St John

26 St. John Street, The City, London

All In London Says...

Marrow on toast? Never have the insides of chunky bones both looked and tasted so appealing. MMmmm, bones.

All In London

Commit to the menu and go all out on nose to tail.

St John picture
The Ultimate Restaurant List
1
Michelin
2
AA
5
Good Food
7.600
AIL Score
18
Pos

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Address:26 St. John Street
The City
London
EC1M 4AY
Map:Map & nearby
Cuisine:British
Region:The City
Nearest Station:Farringdon
Telephone:
Opening Hours:

Monday to Friday: Midday - 15.00, Monday - Saturday: 18.00 - 23.00, Sunday: 13.00 - 15.30
Facilities & Info:
  • Party bookings accepted
  • Private hire available
  • Booking advisable
  • Disabled access/facilities
  • Children welcome
  • Credit cards accepted
About: There’s never been a better time for nose to tail eating in the capital, and St. John is one of the city’s best restaurants for meat lovers. They’re no flash in the pan mind, as Trevor Gulliver and Fergus Henderson opened their first eatery together in 1994. Since then they’ve been awarded a Michelin star (in 2009) and opened successive restaurants in Spitalfields and the West End.

To give you an example of the kind of simple, meat-oriented food they specialise in, the menu includes braised squirrel with bacon, pigeon with radishes, and lamb tongues with anchovy.

Related Businesses

Nearby alternatives

  1. HIX Oyster & Chop House (0.0 miles)
    Cowcross Street, Clerkenwell, EC1M 6BN
  2. Foxlow Clerkenwell (0.0 miles)
    St. John Street, Clerkenwell, EC1M 4AN
  3. The Longroom (0.0 miles)
    St. John's Street, Smithfields, EC1M 4AY

Top Tips...

"Roast in Borough Market is also great and so is St John in Farringdon."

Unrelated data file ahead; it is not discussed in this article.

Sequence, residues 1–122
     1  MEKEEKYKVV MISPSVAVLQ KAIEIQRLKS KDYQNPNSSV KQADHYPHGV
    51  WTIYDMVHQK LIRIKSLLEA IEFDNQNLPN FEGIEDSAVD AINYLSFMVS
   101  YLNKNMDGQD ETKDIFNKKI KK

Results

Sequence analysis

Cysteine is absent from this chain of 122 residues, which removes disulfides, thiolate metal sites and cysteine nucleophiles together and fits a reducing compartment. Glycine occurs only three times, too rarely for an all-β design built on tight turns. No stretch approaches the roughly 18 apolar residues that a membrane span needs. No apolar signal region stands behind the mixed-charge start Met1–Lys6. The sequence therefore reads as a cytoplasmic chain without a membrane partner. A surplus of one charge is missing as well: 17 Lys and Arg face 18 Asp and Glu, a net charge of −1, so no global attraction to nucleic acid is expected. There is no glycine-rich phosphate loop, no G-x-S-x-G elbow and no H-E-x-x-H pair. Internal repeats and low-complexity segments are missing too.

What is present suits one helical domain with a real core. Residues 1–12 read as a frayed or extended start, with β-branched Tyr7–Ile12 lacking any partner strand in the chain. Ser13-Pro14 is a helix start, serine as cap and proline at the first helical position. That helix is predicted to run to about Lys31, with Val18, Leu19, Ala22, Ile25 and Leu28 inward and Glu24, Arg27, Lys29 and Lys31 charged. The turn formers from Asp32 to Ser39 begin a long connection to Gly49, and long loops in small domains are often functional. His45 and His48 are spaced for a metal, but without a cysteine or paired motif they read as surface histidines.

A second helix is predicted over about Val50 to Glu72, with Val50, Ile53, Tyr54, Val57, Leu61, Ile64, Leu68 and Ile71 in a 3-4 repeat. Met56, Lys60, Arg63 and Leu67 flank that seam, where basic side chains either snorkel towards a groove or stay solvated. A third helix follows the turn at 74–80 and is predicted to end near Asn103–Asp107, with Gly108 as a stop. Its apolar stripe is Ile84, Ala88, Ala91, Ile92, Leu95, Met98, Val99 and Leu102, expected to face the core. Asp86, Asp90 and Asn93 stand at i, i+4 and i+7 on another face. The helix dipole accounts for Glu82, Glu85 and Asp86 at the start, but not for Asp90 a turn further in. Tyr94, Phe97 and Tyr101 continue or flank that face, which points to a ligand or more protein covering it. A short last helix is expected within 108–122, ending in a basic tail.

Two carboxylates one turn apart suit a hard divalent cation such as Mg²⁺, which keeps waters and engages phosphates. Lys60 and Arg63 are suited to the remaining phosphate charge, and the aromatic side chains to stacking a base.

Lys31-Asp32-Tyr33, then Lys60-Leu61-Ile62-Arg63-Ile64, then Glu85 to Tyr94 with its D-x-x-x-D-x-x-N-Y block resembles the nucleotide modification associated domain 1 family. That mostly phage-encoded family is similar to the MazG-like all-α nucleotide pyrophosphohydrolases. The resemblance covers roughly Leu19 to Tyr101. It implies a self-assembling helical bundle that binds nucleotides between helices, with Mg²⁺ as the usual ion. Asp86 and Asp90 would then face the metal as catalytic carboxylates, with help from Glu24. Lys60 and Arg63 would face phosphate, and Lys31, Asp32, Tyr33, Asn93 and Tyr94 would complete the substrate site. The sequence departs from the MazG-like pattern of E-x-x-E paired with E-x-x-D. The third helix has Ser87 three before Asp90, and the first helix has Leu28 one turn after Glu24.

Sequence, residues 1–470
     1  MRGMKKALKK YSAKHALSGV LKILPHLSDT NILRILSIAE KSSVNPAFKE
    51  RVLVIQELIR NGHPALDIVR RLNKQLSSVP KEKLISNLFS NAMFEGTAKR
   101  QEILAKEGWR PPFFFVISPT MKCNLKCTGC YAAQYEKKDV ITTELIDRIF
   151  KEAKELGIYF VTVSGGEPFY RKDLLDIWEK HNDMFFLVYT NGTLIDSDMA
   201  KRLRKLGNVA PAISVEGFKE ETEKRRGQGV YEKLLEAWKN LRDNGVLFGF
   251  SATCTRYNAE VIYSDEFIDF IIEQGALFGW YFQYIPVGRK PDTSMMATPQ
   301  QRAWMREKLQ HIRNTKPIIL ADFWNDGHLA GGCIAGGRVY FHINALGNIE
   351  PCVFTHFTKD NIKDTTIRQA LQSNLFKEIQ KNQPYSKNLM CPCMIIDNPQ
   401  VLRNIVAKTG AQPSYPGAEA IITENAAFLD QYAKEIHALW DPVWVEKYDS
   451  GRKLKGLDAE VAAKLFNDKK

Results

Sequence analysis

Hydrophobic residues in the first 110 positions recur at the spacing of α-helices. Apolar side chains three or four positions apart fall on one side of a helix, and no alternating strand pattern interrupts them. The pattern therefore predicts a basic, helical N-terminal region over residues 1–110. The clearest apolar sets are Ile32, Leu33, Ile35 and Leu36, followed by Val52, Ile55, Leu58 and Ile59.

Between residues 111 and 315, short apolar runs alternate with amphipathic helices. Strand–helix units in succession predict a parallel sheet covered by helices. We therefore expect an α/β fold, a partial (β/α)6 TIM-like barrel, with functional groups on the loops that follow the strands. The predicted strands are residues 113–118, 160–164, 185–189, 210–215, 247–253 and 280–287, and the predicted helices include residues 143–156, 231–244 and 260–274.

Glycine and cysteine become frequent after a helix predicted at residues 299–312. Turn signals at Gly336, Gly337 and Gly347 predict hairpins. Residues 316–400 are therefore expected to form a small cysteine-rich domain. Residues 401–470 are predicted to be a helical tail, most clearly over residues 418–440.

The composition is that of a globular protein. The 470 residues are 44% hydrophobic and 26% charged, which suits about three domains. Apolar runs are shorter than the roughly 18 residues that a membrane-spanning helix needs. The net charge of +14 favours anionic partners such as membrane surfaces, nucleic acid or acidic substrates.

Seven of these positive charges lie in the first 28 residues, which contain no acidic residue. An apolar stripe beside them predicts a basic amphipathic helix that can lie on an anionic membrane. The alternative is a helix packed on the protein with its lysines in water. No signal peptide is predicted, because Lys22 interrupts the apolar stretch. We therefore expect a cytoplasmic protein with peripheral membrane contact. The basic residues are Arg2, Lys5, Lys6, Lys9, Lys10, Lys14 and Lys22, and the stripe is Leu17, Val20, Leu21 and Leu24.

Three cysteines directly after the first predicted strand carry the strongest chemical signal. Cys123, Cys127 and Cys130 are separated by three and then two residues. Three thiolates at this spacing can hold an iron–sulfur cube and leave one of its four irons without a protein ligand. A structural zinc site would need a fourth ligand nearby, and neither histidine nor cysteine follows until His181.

Chris O'Dowd

Try This...

Ox heart for lunch

Add something different to your plate but trying out the menu at St. John’s Restaurant in Clerkenwell.

St John features in these AIL lists...

The best restaurants for carnivores
The St. John restaurant group is synonymous with nose to tail eating, therefore things like grilled ox heart, pheasant and trotter pie, and bone marrow salad come as standard on their menus. The flagship restaurant in Smithfields has the most meaty options.


St John features and articles

The All in One Ultimate Restaurant List: St. John's signature recipe
Their roast bone marrow and parsley salad has been replicated around the world
Added on July 7, 2014

The All In One Ultimate Restaurant List Interview: Fergus Henderson
One of London’s Top 100 Restaurants 2013
Added on July 9, 2013

All In London talks to Fergus Henderson
We chat to Fergus Henderson from St John
Added on July 4, 2012



"Commit to the menu and go all out on nose to tail."

Review Rating: 9 / 10
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Reviewed by

One thing that is easy to forget about St. John is how informal and fun it can be in both the restaurant and the bar at its original Clerkenwell location. Despite the excellent quality of the food and the service, there is never anything like the stuffiness of some fine-dining outfits – and nose to tail or not, this is some fine dining.

The huge height of the atrium, the evidence of former industrial use in every corner and the utilitarian chic of the staff outfits gives St. John that hard to place chic appeal that seems to follow Fergus Henderson wherever he goes – we think it all starts with his glasses. Sat in front of the bar – we leave the restaurant for another occasion – we’re struck by the range of people that St. John attracts. Clerkenwell is a mishmash of industry these days and the bar here seems to attract them all. The appeal is that you can sample fine wine (bought in batches from small producers), good beer (Meantime takes over the taps on this occasion) and some gastronomically creative concoction that you won’t find elsewhere.

We eat the sunflower salad, ox liver and walnut and the famous Welsh rarebit, which is spoken highly of whenever St. John is brought up, although not quite as highly as the bone marrow. We can see why. The rich, thick molten mess of cheese, Worcester sauce and big-flavoured bread is an excellent bar snack to counter the pale ales on the side. The sunflower salad is something altogether daintier and reminds us of the St. John reputation for gastro invention, while the ox liver and walnut is a sweet, iron punch that almost outdoes the rarebit.

Turn up at 6pm on the dot for your best chance of getting a table in the bar or book ahead for the restaurant. The nose to tail phenomenon cultivated by St. John clearly remains popular and after our most recent visit here we’re reminded why.


T.A.O reviewed St John on Tue 20 Oct 2015
Review disclosure: reviewed anonymously

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